At 8 p.m. Friday, Nov. 9, the Rappahannock Association for the Arts and the Community (RAAC) hosts “A conversation with Flint Hill resident and appellate lawyer Paul Smith” as part of its Second Friday at the Library Series.
Paul Smith has been a Supreme Court advocate for nearly three decades, and has argued 14 cases before the court on issues ranging from free speech and civil rights to civil procedure. Among his important victories are Lawrence v. Texas, the landmark gay rights case, and Brown v. Entertainment Merchants Association, which established the First Amendment rights of video game producers.
NPR’s longtime Supreme Court reporter Nina Totenberg calls Smith “incredibly elegant” and says, “He’s certainly in the absolute top echelon of people who argue Supreme Court appeals.”
Totenberg, who covers American legal affairs at NPR, is effusive in her description of Smith’s advocacy. “He writes like a dream. His briefs are just beautiful. … He deals with the problems he has to deal with. I would say that a high-school student could read his briefs and understand the basic issues – and that’s a compliment.”
As for Smith’s arguments before the court, Totenberg says, “There might be a dozen” – including Smith – who “argue cases regularly and have incredible strengths as advocates before the court. It matters who makes these arguments because, while you can’t necessarily win by your oral argument, you sure as hell can lose.”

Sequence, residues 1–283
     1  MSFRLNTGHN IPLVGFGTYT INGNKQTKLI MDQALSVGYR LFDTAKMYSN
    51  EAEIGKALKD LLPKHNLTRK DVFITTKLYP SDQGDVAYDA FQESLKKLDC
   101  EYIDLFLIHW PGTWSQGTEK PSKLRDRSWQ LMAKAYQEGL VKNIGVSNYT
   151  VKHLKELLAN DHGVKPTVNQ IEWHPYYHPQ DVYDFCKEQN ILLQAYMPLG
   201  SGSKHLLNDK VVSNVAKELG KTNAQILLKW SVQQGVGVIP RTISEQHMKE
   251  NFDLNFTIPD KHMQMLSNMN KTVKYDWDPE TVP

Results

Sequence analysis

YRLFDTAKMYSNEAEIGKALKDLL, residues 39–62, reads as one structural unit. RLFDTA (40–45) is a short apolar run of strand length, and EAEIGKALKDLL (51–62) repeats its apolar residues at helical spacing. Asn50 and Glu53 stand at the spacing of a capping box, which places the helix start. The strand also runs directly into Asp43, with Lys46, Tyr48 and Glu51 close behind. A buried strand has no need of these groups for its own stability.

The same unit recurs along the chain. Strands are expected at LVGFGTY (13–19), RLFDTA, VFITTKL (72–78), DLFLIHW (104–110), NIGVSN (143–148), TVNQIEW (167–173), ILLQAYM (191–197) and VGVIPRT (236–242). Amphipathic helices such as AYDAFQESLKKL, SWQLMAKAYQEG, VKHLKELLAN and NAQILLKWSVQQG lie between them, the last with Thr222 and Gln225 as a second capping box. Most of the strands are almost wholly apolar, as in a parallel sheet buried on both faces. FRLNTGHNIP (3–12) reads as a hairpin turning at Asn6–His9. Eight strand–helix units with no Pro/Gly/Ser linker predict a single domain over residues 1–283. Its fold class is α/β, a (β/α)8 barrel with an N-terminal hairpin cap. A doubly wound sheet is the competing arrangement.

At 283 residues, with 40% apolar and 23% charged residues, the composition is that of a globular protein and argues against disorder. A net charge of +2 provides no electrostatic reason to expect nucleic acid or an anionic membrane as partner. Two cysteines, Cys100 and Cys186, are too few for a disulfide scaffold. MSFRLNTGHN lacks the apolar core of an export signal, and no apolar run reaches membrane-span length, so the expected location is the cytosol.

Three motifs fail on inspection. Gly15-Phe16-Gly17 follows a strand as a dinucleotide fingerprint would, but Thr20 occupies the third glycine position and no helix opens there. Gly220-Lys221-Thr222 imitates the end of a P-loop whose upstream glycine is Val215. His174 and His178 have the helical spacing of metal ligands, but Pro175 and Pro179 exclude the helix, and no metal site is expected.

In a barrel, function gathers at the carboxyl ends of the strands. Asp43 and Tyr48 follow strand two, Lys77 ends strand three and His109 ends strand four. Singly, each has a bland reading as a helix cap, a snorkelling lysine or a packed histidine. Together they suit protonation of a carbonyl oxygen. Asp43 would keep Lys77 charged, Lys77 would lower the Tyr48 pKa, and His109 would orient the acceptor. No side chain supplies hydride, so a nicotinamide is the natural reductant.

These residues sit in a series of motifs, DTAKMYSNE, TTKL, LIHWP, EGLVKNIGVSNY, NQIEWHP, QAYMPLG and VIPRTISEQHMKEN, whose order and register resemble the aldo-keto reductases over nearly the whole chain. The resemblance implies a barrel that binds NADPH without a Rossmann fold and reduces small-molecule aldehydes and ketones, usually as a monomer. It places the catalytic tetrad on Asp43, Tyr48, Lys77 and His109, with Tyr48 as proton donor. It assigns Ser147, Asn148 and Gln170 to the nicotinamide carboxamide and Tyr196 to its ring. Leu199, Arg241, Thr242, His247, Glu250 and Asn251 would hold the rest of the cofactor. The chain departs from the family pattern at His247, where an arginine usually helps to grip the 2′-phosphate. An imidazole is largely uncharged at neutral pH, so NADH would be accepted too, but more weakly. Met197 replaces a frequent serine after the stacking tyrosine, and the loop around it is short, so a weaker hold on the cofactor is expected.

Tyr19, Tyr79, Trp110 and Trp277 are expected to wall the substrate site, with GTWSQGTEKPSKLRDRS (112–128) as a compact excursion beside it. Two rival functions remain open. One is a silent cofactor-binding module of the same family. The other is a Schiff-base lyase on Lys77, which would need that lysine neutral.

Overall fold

Chambers USA has repeatedly named Smith one of the country’s leading lawyers in the areas of appellate litigation, media and entertainment law, and first amendment litigation. In 2010, Washingtonian magazine recognized him as one of “Washington’s Top Lawyers,” Washington, D.C. Super Lawyer named him one of the “Top 10 Lawyers in D.C.” and The National Law Journal named him one of the “Decade’s Most Influential Lawyers.” Best Lawyers named him the Washington, D.C. First Amendment lawyer of the year for 2012. Smith was also awarded the Thurgood Marshall Award from the American Bar Association Section of Individual Rights and Responsibilities for his work promoting civil rights and civil liberties.
Smith is currently a partner at Jenner & Block’s Washington, D.C. office and is a member of the firm’s litigation department. At the library series on Nov. 9, Smith will talk about how he became a Supreme Court specialist, his arguments before the court and important cases that the court will consider in its upcoming term.